Never mind that Iraqis tell poll after poll they do not want any peacekeepers to leave until they've at least got themselves a government. Latham will instead leave them to the mercies of the terrorists who are already slaughtering Iraqis in their hundreds.

    But Latham is blind to all this. Heavens, this is a man who still thinks it was an act of folly and a disaster that we liberated Iraq from Saddam's genocidal rule.

    His excuse for wanting to cut and run from Iraq? "Our first priority is always, always, the defence of Australia," he said, spectacularly unaware he was actually putting us in dange
  3. DarthAttorney Manager Emeritus

    Member Since:
    Nov 8, 2000
    star 6
    I disagree with the idea that we should remove our "troops" from Iraq (most of them are ancillary and specialist medical/support crews right?) Australia should never have declared war on the sovereign state of Iraq in the first place. But we did and now the entire nation for the next few decades has to suffer the burden of fixing what we helped to blow up. And for that we have the Liberal Government to thank.

    Mark Latham an apologist?
    Cheers to him for that.
    As I just mentioned, someone should apologise to the Iraqi people on behalf of Australia for bombing them into international servitude without the approval of the UN and for no discenable reason (cue stinrab with the old "we freed them from the tyrant" rant ;) ). And we clap and cheer as our biggest grain export market goes to the US (hey, it's only fair those domestically protected US grain corporations get the best contracts) because of that handy free trade agreement that was dangled in front of Howard and Downer like a carrot to a pair of donkeys.
    I guess the war was good for Australia.....somehow.
  4. HawkNC Former RSA: Oceania

    Member Since:
    Oct 23, 2001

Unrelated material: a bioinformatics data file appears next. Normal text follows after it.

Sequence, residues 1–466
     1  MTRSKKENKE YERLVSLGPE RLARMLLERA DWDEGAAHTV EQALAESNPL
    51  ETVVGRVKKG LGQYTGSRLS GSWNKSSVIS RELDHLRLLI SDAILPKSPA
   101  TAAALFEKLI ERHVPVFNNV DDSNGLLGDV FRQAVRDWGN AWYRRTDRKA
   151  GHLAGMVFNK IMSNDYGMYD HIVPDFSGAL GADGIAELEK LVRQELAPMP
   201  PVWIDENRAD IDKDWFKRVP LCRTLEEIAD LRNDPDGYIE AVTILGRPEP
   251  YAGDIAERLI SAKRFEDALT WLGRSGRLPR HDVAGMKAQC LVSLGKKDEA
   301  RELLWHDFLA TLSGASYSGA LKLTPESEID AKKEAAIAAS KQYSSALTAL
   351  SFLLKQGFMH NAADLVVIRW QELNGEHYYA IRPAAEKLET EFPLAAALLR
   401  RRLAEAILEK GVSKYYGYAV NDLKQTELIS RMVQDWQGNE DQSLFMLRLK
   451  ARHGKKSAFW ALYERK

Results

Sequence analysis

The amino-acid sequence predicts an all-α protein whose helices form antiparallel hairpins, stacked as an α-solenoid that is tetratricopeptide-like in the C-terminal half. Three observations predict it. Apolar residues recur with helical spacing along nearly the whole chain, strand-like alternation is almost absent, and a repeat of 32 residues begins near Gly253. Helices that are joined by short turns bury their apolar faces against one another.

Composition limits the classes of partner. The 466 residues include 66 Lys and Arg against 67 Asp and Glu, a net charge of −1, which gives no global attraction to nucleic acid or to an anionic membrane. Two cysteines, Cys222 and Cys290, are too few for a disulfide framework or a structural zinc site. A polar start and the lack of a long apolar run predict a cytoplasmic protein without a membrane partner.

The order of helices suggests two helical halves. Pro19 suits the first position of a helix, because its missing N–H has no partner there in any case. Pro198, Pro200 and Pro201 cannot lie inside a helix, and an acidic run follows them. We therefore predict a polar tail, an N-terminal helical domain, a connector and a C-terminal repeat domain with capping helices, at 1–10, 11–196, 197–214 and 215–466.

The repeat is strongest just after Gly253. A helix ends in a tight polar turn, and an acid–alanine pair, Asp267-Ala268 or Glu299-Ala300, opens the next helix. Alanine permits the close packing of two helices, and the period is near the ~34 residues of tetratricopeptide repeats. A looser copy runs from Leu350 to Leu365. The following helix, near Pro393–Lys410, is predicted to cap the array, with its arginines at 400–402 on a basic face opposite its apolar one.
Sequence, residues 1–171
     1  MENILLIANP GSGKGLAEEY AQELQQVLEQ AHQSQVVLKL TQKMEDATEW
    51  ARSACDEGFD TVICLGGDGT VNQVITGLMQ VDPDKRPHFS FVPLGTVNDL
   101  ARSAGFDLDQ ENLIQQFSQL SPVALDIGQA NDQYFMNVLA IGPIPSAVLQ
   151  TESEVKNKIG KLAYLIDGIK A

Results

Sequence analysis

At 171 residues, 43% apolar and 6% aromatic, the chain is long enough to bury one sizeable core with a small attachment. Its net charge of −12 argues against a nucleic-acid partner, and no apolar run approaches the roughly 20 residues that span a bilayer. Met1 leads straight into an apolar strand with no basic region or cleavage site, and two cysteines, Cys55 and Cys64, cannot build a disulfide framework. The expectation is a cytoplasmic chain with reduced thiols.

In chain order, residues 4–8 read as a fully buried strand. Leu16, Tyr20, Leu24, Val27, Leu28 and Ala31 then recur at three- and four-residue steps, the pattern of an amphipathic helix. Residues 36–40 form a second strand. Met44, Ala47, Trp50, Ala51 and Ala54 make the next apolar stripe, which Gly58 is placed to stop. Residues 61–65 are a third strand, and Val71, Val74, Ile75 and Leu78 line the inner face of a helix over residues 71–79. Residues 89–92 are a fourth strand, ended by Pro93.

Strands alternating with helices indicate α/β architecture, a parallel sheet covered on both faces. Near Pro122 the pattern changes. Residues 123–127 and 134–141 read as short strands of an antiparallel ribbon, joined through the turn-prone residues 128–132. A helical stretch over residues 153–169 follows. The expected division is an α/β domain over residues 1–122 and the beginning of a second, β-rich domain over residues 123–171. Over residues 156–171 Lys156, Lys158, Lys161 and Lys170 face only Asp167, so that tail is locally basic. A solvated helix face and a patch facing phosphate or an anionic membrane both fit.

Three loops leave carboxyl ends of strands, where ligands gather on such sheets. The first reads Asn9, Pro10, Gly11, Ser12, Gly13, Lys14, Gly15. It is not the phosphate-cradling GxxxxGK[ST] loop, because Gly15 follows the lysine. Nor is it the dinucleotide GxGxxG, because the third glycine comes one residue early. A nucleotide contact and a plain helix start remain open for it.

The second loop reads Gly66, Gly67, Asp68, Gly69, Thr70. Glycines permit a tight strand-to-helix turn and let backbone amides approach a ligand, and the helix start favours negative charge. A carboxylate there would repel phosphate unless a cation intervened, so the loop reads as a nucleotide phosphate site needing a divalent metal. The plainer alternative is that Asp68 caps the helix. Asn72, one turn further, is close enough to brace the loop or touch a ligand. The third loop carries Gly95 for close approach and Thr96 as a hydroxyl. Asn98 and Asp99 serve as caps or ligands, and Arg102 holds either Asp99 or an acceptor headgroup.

star 6
    Three things:

    1) That article is from March.

    2) Calling Latham a scaremonger was hilarious when that article was written, and it's just as hilarious now. I think pulling completely out of Iraq right now probably wouldn't be the best move, but I at least agree with his sentiment that we shouldn't have been there in the first place. That's not scaremongering, that's common bloody sense.

    3) Bolt.
  5. Ender Sai Chosen One

    Member Since:
    Feb 18, 2001
    star 9
    I agree with both Hawk about Andrew Bolt. Fascism is never, ever cool.

    I mean, how intellectually lazy to use Bolt when the Bulletin is much more florid and erudite in it's criticism of Mr Latham. :p ;)

    //waits for PM Turnbull

    E_S
  6. HawkNC Former RSA: Oceania

    Member Since:
    Oct 23, 2001
    star 6
    Bolt's a smart, informed man...he just comes to the most spectacularly wrong conclusions. He's FOX News for those of us without cable. I'm not saying the Bulletin is any better, but come on...Bolt!
  7. stinrab Manager Emeritus

    Member Since:
    Jul 9, 1998
    star 5
    As I just mentioned, someone should apologise to the Iraqi people on behalf of Australia for bombing them into international servitude without the approval of the UN and for no discenable reason

    Look, Mr Moore, we know it's you. The jig is up.
  8. Ender Sai Chosen One

    Member Since:
    Feb 18, 2001
    star 9
  9. DarthAttorney Manager Emeritus

    Member Since:
    Nov 8, 2000
    star 6
    //laughs along but laughs harder at lack of factual rebuttal....






    //wets pants....

    Edit: And it might just be time to call it day, ladies and gentlemen, given that Gath has been banned again.
  10. Ender Sai Chosen One

    Member Since:
    Feb 18, 2001
    star 9
    Yeah, I noticed. Damn shame...

    [face_mischief]

    As for the election; what are your views on healthcare, Aussie peoples?

    Do you want "free" universal health care, or a two-tiered system. Not the two tiered system Mr Latham made up to make Mr Anderson look bad, but the two-tier system Mr Anderson was referring to, which is Private on top of Medicare.

    Or do you want a totally privatised health system?

    I have Private health care of my own, which I pay for out of my own pocket, and I personally like it that way. I'm obviously not a fan of socialism or pseudo-socialist policies (more accurately) so the idea of universal free health care doesn't resonate with me.

    E_S
  11. DarthAttorney Manager Emeritus

    Member Since:
    Nov 8, 2000
    star 6
    Everyone should be entitled to free health care.
    I think that's a basis for a stable civilisation, let alone a healthy country.

    However, if some people want to pay more for what they consider "better" health care, they should be totally free to do it. I don't know if that come under the two-tiered system or whatever you want to call it but public health should have all the basic benefits of private health care (including dental which is not covered by Medicare atm I don't think).